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The Decline Of Epsom Spa

Epsom was by no means the only spa. Many others were soon developing with better facilities.

Tunbridge — discovered a little earlier than Epsom by Lord North — had early royal patronage from Henrietta Maria in 1630. She and her party had to camp in tents on the Common. Bath and Tunbridge both had the patronage of Catherine de Braganza and the vogue for Bath became almost universal. Celia Fiennes and Pepys talk of visiting 'the Bath'. But waters could be sampled in numerous other places. Celia Fiennes visited, during her travels watering places at Astrop, Alford (Somerset), Bath, Barnet, Buxton, Canterbury, Durham, Epsom, Knaresborough, St. Winifred's Well (Flintshire), Scarborough and Tunbridge.

(The wells of Harrogate were at the time known as Knaresborough).

Defoe, writing before 1724, comments on great crowds of people going to Dulwich Wells for the "physic" as opposed to Epsom and Tunbridge where they go for "the diversion... the mirth and the company" and adds "the nobility and gentry go to Tunbridge, the merchants and rich citizens to Epsom... the common people chiefly to Dulwich and Streatham."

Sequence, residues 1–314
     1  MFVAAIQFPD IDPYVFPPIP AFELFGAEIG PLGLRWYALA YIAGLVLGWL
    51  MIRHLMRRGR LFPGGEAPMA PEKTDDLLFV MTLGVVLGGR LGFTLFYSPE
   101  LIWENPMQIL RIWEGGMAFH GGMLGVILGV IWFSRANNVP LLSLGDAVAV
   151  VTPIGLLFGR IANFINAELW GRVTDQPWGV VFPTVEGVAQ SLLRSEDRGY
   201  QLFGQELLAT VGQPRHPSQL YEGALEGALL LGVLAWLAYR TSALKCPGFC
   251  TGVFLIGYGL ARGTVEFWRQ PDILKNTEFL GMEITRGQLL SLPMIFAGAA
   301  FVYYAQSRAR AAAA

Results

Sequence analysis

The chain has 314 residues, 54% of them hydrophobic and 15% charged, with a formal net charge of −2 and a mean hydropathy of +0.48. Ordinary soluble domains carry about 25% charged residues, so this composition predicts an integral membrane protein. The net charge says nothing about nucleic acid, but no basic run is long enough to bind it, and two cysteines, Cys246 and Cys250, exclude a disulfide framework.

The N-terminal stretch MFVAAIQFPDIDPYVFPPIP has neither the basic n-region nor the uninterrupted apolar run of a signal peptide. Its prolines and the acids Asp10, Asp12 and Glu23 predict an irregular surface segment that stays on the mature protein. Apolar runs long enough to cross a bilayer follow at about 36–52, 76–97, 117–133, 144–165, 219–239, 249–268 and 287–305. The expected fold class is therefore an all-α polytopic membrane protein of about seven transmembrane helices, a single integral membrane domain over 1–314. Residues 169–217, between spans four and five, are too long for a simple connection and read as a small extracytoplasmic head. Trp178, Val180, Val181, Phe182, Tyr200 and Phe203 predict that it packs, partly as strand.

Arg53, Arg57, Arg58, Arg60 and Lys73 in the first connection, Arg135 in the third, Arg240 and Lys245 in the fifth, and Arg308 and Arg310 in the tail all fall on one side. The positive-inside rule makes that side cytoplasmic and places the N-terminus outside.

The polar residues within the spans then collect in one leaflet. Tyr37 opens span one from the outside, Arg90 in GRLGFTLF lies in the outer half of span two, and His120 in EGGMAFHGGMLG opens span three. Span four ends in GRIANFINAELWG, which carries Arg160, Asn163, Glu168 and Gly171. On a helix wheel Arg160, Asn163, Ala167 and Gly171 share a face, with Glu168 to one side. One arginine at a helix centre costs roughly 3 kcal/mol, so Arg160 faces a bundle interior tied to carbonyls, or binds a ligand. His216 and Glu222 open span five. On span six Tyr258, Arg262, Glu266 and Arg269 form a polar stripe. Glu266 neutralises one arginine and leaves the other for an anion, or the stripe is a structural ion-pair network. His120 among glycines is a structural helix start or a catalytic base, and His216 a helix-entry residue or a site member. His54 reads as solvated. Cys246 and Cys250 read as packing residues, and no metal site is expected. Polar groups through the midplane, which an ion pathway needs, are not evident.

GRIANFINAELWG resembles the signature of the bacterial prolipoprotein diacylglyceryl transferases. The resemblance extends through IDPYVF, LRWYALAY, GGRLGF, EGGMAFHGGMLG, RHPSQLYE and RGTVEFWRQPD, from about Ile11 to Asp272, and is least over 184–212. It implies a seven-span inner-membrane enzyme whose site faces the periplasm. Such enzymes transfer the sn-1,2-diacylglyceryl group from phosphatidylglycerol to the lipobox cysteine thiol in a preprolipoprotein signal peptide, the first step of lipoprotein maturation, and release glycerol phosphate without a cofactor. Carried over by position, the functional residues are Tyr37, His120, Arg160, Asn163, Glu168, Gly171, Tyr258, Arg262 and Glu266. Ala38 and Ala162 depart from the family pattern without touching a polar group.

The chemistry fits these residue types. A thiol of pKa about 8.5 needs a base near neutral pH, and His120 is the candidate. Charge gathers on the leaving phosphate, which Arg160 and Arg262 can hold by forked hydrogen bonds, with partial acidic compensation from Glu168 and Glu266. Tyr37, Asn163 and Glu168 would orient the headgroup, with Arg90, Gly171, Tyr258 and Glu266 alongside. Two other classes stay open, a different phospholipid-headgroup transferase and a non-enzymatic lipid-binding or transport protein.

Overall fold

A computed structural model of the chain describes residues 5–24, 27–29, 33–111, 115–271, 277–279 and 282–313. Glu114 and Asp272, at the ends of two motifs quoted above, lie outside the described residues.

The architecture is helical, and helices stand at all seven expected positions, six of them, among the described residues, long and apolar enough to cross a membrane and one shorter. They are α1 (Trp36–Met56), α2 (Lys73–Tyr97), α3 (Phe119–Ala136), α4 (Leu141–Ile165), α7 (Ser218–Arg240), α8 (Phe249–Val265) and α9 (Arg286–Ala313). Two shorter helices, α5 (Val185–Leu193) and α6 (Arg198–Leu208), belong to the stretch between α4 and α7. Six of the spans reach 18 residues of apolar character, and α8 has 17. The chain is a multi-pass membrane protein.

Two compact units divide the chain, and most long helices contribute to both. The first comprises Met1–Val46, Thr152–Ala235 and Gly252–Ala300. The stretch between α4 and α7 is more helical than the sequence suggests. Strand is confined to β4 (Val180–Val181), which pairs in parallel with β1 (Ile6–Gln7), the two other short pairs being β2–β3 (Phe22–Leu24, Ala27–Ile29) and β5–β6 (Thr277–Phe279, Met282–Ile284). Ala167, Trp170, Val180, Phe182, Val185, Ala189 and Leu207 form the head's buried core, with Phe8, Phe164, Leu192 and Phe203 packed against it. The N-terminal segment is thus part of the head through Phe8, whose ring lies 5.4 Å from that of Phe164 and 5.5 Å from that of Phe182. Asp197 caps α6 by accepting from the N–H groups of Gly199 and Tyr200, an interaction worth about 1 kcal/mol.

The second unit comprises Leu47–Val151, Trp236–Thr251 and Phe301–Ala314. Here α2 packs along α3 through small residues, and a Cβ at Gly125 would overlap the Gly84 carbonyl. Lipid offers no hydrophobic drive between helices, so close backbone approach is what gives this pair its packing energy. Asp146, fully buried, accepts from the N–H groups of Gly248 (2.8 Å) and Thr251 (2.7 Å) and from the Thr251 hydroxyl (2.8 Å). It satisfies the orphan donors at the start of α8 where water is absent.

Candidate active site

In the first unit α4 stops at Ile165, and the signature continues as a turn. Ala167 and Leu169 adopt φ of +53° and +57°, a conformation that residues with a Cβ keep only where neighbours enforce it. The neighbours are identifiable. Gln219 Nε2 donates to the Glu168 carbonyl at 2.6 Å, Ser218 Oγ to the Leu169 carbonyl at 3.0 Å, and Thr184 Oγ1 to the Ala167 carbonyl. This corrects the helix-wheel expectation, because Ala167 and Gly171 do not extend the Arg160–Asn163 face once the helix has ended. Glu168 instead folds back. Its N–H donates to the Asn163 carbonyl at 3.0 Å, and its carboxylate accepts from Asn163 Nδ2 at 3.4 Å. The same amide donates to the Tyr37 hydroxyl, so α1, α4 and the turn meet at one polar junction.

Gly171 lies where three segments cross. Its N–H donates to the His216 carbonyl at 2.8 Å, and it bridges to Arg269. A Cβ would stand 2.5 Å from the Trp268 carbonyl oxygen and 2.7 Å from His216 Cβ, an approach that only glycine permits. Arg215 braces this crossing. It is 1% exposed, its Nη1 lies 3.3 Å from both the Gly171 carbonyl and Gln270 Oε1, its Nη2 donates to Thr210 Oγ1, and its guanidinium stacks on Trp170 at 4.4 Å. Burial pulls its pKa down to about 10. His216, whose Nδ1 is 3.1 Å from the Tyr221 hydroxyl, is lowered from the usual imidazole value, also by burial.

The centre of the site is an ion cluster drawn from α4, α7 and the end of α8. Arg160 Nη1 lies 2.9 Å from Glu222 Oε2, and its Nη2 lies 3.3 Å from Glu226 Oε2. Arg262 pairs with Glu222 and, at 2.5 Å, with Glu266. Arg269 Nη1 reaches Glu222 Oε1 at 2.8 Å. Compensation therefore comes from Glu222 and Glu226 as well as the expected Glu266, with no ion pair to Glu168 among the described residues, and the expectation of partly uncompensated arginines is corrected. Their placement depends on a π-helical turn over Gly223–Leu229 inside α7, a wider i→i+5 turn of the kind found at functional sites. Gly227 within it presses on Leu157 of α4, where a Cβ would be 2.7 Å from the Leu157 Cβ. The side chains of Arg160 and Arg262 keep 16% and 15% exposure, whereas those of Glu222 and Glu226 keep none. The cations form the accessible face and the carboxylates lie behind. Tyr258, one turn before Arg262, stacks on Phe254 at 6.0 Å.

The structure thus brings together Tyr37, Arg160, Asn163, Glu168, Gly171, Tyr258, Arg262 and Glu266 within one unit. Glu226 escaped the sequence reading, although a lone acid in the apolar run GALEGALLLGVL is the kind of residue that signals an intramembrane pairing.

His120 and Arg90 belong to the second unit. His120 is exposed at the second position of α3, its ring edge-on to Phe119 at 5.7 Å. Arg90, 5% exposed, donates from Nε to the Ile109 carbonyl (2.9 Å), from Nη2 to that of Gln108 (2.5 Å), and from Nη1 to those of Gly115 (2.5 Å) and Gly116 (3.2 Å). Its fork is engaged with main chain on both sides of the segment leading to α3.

So there was plenty of competition from places with royal patronage (Charles II and his brother certainly dined with Lord Berkeley at Durdans in 1662 but there is no evidence of his visiting the town or the well).

Epsom also had the disadvantage that the water supply was limited and the scraping of the bottom often made it cloudy. There were also suspicions of dilution. Celia Fiennes on her first visit says:

" .... its not a quick spring and very often is dranke drye, and to make up the deficiency the people do often carry water from common wells to fill this in a morning (this they have been found out in) which makes the water weake and of little operation”

The chemists had established what gave Epsom's water its medicinal quality and Epsom Salts were cheaply available over their counters.

It is not surprising that Epsom could not compete with places where there was an abundance of water-like Bath, Buxton, Cheltenham, Harrogate, Leamington, Malvern, Tenbury, Woodhall — to name but a few mostly discovered long after Epsom had started the fashion.

The habit of taking the waters continued and never quite died. Sometimes the entrepreneur went to great trouble to get a supply of water: in Moira, Derbyshire, a hotel was built on top of the colliery and the water from the pit pumped to the spa. But this was not a success: the surroundings were hardly congenial. So 3 miles away, Ashby de la Zouch was developed as a spa and the water from Moira Well colliery transported there in tanker waggons!

Defoe (1738 ed.) attributes Epsom's loss of reputation to it being too near London. Certainly the gentry would and could go to places further afield where the "quality" was to be found: the fashion of taking the waters was now elsewhere.

When Livingstone died in 1727 Epsom lost its most successful marketing director and the decline set in. Several attempts to regain interest — those of Mrs. Hawkins and later of Dr. Dale Ingram — had little success. But many visitors had realised the attractions of Epsom so near to London, so healthy, near the Downs where horseracing continued, as a place to live. There were many fine houses of gentry and London merchants, some of whom commuted daily to London.